Katie Gray Craven

Part-time Guttersnipe

Katie Gray Craven

Katie Gray Craven
Lisbon, Portugal
August 04
Writer, Editor, Translator, General Word Monger
Atelier de Comunicação Inglesa
I grew up in a castle in Knoxville, Tennessee. That turret-sporting, Tudor period house never failed to fertilize my imagination. At some point, however, the Tennessee ghosts began to oppress and I began to dream of other lands and other tongues. I have lived most of my adult life in Portuguese: 4 years in Brazil, almost 18 in Lisbon, Portugal. A freelance translator, editor and writing coach, I also teach selected EFL students. On a good day, I nurture two beautiful daughters.


NOVEMBER 13, 2011 3:57PM

Immigration Episodes

Rate: 3 Flag

1993. The smell of human flesh and colors of the outfits reminded me of a hot, humid Brazilian bus, any joyfulness dampened by Lusitania dourness, dolefulness? Gloom? While spending more than enough time in a line to conceive an entire family, I mused on the best adjective to describe the Portuguese spirit.

 Slowly, the currents of skintones ebbed and I drifted within earshot of the desk protecting Bureaucrat 1. I listened. Anticipatory socialziation, the sociologists call it. Conclusions? Information had to be mined, was never offered. Furthermore, the nuggets of information, names of documents, form numbers, numbers of copies appeared to my fluent if uniniated ears to vary. No system. No procedure.


That was my introduction to Portuguese public service.


 2003. The capture pens had increased tremendously in size. Air conditioning had been invented. It had been realized that the livestock, I mean ‘applicants for immigration’, should be humanely treated.


The wait remained the same. My musings had evolved from the frisson of anticipating a new life and a new culture to the pondering of strategies on how to survive a disintegrating marriage while working in a less-than-friendly job.


A shiver of interest ran through the crowd. It was election time. A modern, leftwing, firebrand orador of a polictician came through the office, distributing handbills with information about immigrants’ rights every which way, except my way. I wasn’t brown enough, I suppose.


2008. I’m still awaiting my latest residency authorization card. Hadn’t needed it until I wanted to buy a condo. Had to have my divorced status on my id.


I needn’t have dreaded my trip to SEF. The modernisation of the services had continued unabated for the last 15 years. One could now get an appointment to come and wait in line for four hours. The staff had received training in customer service.


“Here is your card but I’m afraid it’s not valid.”


“Not valid?”


“Not valid. Your address isn’t correct.”


(Mind you, I had come to pick up the residency authorization card – which I had felt not an iota of use for in the previous years - in preparation for the Deed Signing for the purchase of my new condo. The address of my rental would be valid for no more than 6 weeks or so.)


"But I need it next week to sign the deed on my new house."


“So why didn’t you come to pick it up earlier?” asked Politeness Incarnate. 


(“I don’t live in Alabama” an anachronistic thought.)


“I was told to await noticification before coming to pick it up.”


 “Two years?”


My standard joke for those two years had been that it takes, on average, 3.9 minutes for a civil servant to perform the data entry necessary to inform The State of my change of address and marital status. It then took 1 year, 364 days, 7 hours and 56.1 seconds to press the enter button.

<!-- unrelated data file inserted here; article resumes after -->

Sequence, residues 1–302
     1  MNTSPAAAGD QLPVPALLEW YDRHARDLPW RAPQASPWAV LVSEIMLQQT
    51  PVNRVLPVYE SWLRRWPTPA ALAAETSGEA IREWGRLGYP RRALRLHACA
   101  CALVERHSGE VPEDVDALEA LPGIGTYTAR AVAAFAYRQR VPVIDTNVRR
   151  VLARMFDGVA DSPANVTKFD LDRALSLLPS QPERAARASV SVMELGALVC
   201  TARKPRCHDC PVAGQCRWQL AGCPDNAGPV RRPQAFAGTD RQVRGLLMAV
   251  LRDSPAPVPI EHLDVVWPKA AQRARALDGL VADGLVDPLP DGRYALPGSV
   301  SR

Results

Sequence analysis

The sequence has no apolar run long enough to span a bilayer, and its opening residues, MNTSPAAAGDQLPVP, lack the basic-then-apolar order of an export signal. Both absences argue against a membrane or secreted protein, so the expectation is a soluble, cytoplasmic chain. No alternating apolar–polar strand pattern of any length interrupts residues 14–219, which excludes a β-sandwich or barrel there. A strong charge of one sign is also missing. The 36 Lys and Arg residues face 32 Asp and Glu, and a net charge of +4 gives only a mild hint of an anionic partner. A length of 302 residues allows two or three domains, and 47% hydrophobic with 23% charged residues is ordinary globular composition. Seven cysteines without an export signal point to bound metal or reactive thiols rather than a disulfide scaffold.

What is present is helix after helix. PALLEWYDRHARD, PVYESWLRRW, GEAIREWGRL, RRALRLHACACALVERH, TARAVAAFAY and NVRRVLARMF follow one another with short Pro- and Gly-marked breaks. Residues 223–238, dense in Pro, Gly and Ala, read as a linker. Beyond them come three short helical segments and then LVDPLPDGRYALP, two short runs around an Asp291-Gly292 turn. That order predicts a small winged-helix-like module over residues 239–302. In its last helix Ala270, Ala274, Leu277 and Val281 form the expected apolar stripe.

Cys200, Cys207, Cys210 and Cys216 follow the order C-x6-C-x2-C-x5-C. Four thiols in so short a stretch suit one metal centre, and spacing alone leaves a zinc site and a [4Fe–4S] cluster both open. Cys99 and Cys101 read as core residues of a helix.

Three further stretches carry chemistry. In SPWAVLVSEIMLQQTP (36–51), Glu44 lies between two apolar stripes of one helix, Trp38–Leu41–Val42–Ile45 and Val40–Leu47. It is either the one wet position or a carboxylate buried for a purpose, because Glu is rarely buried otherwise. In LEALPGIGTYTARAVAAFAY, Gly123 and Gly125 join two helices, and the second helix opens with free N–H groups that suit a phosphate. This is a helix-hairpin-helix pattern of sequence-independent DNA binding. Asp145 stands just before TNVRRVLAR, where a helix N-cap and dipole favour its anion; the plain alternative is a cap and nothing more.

I neglected to share my joke, instead taking, politely, the offensive.


“I want to complain! I waited 2 years for this document and it was sitting here, waiting for me the whole time?”


Superior Politeness was summonsed. She listened. She proffered a semblance of empathy. She would carry the document directly to the Supreme Boss.


“Shall I wait?”


“No. We’ll contact you within two days.”


“Two years?”


“Two days.”


 Which, in fact, they did.


It was the last working day before a public holiday. There were very few candidates waiting to be attended. After almost an hour of waiting for them to call no numbers I went and asked someone.


Politeness Incarnate 2 said, “I’ve got your card! I told you on the phone to come directly to me and not to wait in line.”


Blame my going-on-fifty-year-old-ears, blame my bargain quality technology. I had not heard that I was to skip the line and go straight to her.


 (She most definitely had not instructred me to wait patiently for 45 minutes between Senhor Passive-Aggressive’s finishing with one client and calling the next number).


Politeness again effused.


Card was apprehended.


Back turned upon Immigration office. Home regained. Photo on card investigated and dismay exclaimed, “They’ve mispelt my name!”


There go another two years of my life!



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I see little has changed since I was in Portugal. You need the patience of Job to deal with civil servants but isn’t that the case in all nations? That aside it’s a beautiful place with delightful people and a charming lyrical language. ~R~
Thanks, Ms M.C. Sears. Civil servants are a basic life challenge anywhere. Couldn't agree more. Don't know why but it seems I have to face that challenge more often here. Oh! But then I've lived most of my adult life here. Duh! As for Portugal, it's funny. I came here because I married here. I usually say that it's been a successful arranged marriage. The food is good. The people are especially child friendly. The midnight blue of the sky 30 minutes after dusk is on my list of "Favorite Things" to cheer me up when I'm down. But life does require you to face its challenges and I enjoy laughing about them. Thanks for reading!